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Is The UK About To Have A Supply Chain Crisis?

According to at least one industry expert, the answer to that question is: yes.

A recent survey by Chartered Institute or Purchasing & Supply (CIPS) found that 80 percent of supply chain professionals in the nation cannot guarantee there is no malpractice in their supply chain.

In response to the report, David Noble, group CEO of CIPS, recently told Supply Management that if UK businesses are not careful, they could be could be “sleepwalking into another supply chain crisis.”

The CIPS report also found that 72 percent of 1,047 senior business decision makers and supply chain professionals surveyed said they have no visibility of their supply chains beyond the second tier.

Furthermore, 51 percent stated that the horse meat scandal has not led to supply chain risk being taken more seriously.

According to Noble, a ‘don’t ask, don’t tell’ pact on Britain’s supply chains has developed. No one along the supply chain has learned from the horse meat scandal, he said, and they “are content to remain ignorant of the malpractice that could be operating throughout their supply chains.”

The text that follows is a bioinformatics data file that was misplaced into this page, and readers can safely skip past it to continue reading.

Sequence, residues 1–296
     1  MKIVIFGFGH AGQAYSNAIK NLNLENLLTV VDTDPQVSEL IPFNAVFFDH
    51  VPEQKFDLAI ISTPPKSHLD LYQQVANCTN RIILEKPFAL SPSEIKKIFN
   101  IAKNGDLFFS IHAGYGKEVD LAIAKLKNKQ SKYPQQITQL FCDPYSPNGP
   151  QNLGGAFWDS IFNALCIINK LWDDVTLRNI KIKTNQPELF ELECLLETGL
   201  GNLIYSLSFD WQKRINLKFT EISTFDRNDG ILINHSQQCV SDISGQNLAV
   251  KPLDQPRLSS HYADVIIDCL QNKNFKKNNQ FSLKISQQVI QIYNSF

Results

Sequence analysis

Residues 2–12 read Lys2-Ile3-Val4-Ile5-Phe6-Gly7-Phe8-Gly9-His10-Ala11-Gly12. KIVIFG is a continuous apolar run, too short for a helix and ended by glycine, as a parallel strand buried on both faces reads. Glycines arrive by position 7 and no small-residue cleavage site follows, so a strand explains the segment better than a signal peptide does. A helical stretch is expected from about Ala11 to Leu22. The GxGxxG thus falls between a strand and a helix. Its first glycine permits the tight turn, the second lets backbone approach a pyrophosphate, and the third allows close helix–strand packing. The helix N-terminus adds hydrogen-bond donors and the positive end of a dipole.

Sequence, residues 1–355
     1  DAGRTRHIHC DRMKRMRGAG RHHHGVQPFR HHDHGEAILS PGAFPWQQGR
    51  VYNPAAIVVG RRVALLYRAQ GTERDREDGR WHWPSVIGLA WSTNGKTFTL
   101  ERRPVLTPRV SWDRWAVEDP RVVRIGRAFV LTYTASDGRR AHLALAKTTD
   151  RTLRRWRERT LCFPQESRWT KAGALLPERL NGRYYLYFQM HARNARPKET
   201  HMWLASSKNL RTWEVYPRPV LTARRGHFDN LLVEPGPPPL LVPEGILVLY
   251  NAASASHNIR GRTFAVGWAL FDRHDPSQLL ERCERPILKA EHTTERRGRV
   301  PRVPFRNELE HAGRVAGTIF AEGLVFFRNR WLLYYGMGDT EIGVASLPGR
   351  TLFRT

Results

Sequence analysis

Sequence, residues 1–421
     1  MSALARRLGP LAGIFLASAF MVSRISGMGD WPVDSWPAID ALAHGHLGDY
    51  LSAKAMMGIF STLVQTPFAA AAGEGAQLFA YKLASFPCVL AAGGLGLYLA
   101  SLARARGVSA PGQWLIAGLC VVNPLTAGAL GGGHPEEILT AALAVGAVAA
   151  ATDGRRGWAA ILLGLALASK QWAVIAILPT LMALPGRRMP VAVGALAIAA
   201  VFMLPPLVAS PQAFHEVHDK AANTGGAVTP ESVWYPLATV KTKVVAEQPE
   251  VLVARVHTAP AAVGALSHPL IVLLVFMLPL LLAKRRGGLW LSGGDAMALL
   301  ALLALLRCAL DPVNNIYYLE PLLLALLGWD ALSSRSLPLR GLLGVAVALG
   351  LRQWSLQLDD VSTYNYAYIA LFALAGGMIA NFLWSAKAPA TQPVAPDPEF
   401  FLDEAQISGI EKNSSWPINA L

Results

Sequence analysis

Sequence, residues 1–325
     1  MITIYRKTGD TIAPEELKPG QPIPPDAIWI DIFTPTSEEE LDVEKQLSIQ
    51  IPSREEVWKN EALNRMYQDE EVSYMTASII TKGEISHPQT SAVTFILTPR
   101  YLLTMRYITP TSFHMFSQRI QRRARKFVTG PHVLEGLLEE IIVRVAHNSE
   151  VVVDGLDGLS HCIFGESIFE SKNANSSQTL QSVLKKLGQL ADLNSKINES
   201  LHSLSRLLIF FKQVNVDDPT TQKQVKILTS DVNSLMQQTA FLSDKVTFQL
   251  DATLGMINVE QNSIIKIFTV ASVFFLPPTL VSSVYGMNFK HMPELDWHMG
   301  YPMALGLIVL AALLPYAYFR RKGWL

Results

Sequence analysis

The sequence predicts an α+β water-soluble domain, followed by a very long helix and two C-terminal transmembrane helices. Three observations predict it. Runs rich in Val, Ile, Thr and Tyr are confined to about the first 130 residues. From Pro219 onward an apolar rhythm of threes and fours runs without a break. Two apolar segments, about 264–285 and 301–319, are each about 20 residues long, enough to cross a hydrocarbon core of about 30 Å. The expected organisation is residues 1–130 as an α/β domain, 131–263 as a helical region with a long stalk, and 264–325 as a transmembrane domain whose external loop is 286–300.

Just last week, PYMNTS.com discussed a survey that the UK was experiencing skill shortages in the procurement and supply chain professions. Specifically, 55 percent of those surveyed said they expect to experience a deficit of professionals with the necessary expertise in the second half of the year.

“What’s Hot” is aggregated content. PYMNTS.com claims no responsibility for the accuracy of the content published by the original source.



The How We Shop Report, a PYMNTS collaboration with PayPal, aims to understand how consumers of all ages and incomes are shifting to shopping and paying online in the midst of the COVID-19 pandemic. Our research builds on a series of studies conducted since March, surveying more than 16,000 consumers on how their shopping habits and payments preferences are changing as the crisis continues. This report focuses on our latest survey of 2,163 respondents and examines how their increased appetite for online commerce and digital touchless methods, such as QR codes, contactless cards and digital wallets, is poised to shape the post-pandemic economy.

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